A federal appeals court today upheld the National Football League’s estimated $1 billion concussion settlement with thousands of retired players, calling the agreement imperfect but fair.
A small group of players had objected to the deal, which was approved in April 2015 by US District Judge Anita Brody in Philadelphia, because it did not cover potential victims of a degenerative brain disease that scientists have linked to repeated blows to the head.
“It is the nature of a settlement that some will be dissatisfied with the ultimate result,” Circuit Judge Thomas Ambro wrote for a three-judge panel of the 3rd US Circuit Court of Appeals in Philadelphia. “But they risk making the perfect the enemy of the good.”
Steven Molo, the lead lawyer for the objecting players, said in an email his clients were disappointed and would consider their legal options.
Samuel Issacharoff, a lawyer for players who accepted the agreement, said the decision would ensure that players who urgently need help will finally get it.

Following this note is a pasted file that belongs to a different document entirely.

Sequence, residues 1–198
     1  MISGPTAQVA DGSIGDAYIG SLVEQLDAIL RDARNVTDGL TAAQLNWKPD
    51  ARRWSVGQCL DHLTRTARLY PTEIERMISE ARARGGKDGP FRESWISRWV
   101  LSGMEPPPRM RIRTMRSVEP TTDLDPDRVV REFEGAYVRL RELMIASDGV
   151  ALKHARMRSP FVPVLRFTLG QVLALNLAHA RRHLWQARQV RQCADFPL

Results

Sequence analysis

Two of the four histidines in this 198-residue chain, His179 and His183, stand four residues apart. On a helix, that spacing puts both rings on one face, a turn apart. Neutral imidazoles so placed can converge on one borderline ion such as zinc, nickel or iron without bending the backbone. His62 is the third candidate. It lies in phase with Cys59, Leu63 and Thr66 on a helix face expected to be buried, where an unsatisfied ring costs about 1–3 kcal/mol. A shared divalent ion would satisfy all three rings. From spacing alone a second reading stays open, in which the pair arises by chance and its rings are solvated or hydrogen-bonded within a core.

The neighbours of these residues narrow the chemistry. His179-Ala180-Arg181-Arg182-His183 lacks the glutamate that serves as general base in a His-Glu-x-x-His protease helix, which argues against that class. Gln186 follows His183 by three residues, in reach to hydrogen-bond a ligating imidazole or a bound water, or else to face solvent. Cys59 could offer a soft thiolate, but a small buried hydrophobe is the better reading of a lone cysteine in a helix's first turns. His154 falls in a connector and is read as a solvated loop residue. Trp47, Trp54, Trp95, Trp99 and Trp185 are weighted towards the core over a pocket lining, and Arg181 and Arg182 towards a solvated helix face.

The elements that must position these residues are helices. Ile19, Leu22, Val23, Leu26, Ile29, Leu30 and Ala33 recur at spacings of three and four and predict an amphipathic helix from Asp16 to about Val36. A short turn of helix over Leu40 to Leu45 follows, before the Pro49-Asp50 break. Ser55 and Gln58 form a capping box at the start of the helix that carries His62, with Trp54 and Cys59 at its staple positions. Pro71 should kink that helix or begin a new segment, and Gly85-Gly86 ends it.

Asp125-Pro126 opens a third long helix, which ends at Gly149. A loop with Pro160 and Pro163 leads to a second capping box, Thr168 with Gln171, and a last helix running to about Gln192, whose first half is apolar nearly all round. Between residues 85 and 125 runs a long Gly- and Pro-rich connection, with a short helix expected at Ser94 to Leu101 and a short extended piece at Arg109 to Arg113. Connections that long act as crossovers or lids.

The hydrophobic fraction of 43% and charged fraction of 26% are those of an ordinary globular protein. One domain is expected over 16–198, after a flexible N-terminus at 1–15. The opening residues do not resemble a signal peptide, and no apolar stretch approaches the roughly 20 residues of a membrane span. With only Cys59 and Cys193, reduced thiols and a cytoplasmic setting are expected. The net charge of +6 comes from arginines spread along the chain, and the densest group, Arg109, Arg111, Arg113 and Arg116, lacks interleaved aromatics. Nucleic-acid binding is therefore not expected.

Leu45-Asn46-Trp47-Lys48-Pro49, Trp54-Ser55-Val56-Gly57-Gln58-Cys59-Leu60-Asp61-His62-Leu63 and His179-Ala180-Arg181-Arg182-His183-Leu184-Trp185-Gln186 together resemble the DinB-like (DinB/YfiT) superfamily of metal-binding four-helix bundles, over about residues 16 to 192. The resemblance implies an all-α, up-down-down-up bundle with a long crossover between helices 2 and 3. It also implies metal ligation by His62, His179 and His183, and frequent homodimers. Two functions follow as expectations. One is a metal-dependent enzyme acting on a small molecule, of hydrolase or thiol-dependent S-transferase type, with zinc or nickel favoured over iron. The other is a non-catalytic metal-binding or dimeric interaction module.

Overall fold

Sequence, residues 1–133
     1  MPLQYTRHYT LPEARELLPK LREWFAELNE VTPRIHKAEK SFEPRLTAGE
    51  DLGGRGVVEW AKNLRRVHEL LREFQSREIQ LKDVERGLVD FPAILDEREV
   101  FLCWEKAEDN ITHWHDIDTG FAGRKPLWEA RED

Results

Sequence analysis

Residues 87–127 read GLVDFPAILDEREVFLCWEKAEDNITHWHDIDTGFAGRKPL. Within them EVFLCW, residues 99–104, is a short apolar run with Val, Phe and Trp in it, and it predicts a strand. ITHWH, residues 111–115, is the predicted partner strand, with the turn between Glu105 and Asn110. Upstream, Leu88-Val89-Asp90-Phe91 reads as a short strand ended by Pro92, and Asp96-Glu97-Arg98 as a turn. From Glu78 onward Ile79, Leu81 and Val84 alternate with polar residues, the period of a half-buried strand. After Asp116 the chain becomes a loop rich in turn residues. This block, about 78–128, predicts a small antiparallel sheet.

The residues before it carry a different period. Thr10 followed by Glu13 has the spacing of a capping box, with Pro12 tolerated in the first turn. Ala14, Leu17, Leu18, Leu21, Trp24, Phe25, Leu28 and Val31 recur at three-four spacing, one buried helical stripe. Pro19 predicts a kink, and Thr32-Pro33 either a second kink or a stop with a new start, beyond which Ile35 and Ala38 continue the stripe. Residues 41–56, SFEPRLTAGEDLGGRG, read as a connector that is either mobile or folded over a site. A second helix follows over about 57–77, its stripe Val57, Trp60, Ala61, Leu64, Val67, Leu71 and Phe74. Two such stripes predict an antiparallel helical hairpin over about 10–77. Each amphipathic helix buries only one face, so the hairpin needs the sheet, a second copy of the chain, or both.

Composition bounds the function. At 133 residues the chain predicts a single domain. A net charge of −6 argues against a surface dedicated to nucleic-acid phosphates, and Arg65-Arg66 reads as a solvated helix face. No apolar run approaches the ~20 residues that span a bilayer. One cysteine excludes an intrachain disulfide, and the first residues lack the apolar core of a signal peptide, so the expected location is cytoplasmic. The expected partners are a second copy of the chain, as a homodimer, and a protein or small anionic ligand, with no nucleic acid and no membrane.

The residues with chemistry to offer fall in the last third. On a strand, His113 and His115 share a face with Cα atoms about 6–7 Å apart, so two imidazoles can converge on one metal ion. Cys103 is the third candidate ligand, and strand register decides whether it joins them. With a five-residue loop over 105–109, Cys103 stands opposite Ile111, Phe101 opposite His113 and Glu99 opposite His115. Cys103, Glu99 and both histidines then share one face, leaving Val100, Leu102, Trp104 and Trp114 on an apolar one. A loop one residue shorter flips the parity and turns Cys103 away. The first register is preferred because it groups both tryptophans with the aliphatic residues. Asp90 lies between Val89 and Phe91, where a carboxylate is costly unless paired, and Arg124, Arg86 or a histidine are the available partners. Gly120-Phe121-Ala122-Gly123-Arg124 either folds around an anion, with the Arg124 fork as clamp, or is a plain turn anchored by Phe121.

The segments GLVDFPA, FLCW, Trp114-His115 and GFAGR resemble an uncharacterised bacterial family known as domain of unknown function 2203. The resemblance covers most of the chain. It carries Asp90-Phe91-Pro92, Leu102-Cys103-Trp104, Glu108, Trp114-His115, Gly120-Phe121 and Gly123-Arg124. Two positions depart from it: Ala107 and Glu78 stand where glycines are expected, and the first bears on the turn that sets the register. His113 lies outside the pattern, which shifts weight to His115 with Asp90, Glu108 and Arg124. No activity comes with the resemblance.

“We are dealing with a situation in which NFL players are hurting,” he said in a phone interview. “We are going to give people serious compensation for truly terrible injuries.”
A spokesman for the NFL did not respond to a request for comment.
The settlement calls for payments of up to $5 million each to former players diagnosed with certain neurological disorders, but it does not address chronic traumatic encephalopathy (CTE), which has been linked to concussions.
The lawsuit was brought on behalf of more than 5,000 retired players, though the settlement could cover more than 21,000 former players, according to the court.
Roughly 200 retirees objected to the agreement, saying it did not account for CTE. They also argued the deal unfairly favoured currently injured retirees and left thousands of former players who have not yet been diagnosed with neurological diseases without a remedy.
CTE has been discovered during autopsies for several former players, including Hall of Fame linebacker Junior Seau and Pro Bowl safety Dave Duerson, who both committed suicide. In March, the NFL for the first time acknowledged a link between football and CTE.
But the appeals court noted that the research surrounding CTE was still nascent, with no current way to test for the disease while an individual is still alive. It also said many of the symptoms associated with CTE, such as memory loss, were eligible for compensation under the settlement.